IT service management – at the turn of the century and before ITIL® v2 – was as difficult to manage as landing on the moon and finding a state of anarchy.
But – in my career post-ITIL v2 – I discovered a common language, a glossary, definitions of service level agreements and the ability to be “on the same page” in an organization. It also showed me how to put a value on service delivery and processes to connect IT strategy with services.
Fast forward to 2019 and ITSM contains ITIL, DevOps, Scrum, different standards like Lean and also compliance. However, the only method to standardize this variety of frameworks and compliance is still ITIL.
Mapping ITIL processes with Scrum and DevOps gives management a single point of control; this remains key, as the board is unlikely to understand the differences between Agile and DevOps.
ITIL training and certification – a career move
From a career perspective, training in ITIL and eventually achieving ITIL Expert-level certification has given me the chance to work in complex projects in Vodafone, the European Space Agency and, today, in a subsidiary of Volkswagen designing European-wide processes.
As the only ITIL Expert in the organization I stand out from the crowd and CIOs understand the effort that I’ve put into gaining this capability, which gives me visibility and a return on my investment.
On a practical level, which began at Vodafone in 2004, ITIL concepts helped me to implement service operation processes and understand the connection between single events and the impact on the business. Previously, designing a service delivery process was based on personal knowledge and approach; ITIL, instead, enabled collaboration with a common framework and create strategies that supported the business.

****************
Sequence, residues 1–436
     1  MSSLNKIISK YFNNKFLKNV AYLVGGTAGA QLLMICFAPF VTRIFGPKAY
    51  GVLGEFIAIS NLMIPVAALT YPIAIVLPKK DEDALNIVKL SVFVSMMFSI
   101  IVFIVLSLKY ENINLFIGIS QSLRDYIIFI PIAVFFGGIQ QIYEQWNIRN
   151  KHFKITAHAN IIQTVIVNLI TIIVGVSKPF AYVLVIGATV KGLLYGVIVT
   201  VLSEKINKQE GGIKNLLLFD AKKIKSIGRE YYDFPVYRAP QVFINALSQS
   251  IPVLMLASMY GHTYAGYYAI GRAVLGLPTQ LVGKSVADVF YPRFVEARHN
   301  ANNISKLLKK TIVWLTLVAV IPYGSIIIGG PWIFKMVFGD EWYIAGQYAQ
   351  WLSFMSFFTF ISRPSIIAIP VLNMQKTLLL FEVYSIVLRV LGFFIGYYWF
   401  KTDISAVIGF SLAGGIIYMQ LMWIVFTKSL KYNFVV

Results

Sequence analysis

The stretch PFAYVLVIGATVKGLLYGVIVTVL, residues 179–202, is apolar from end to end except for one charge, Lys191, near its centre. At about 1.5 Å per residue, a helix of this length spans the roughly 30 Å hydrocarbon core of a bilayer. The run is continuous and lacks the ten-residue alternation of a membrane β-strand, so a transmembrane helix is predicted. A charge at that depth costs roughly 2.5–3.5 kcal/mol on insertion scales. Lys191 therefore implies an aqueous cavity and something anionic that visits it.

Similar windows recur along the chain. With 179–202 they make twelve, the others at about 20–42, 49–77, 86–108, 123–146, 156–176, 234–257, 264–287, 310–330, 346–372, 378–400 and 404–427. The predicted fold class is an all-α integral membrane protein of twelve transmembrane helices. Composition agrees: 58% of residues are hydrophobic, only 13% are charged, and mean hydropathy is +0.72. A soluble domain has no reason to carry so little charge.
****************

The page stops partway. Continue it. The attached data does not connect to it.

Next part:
Combining ITIL with PRINCE2®
As a senior engineer managing projects and seeking IT roles in the UK and Germany, certifying in PRINCE2 offered the perfect combination with ITIL and the ability to connect project management processes with the ITIL structure.
Adopting these best practice approaches meant I didn’t have to “reinvent the wheel”: I used ITIL as a starting point to customise processes based on company needs and PRINCE2 to set up a PMO structure for ITSM. And, for implementation, PRINCE2 gave me a step-by-step approach using stages.
Best practices – a lifetime of learning
I believe that, in the job market, many people aren’t making an investment in certification. This is a problem because, in complex environments, it’s not enough just to claim “I’m an expert”. A certification demonstrates that you’ve passed a number of exams in knowledge that is widely recognized.
The market is demanding, so learning and developing provides benefit both to you and your company.
I still study five days per week and have three certifications in the pipeline for this year, including the new ITIL 4 and a target to apply for the ITIL Master title.
The only way for a professional to remain competitive, create opportunities and stand out is a lifetime of learning: showing you have the knowledge and skills is to be always on the right side of an approaching wave.
Find out how you can enhance your career with the new ITIL 4.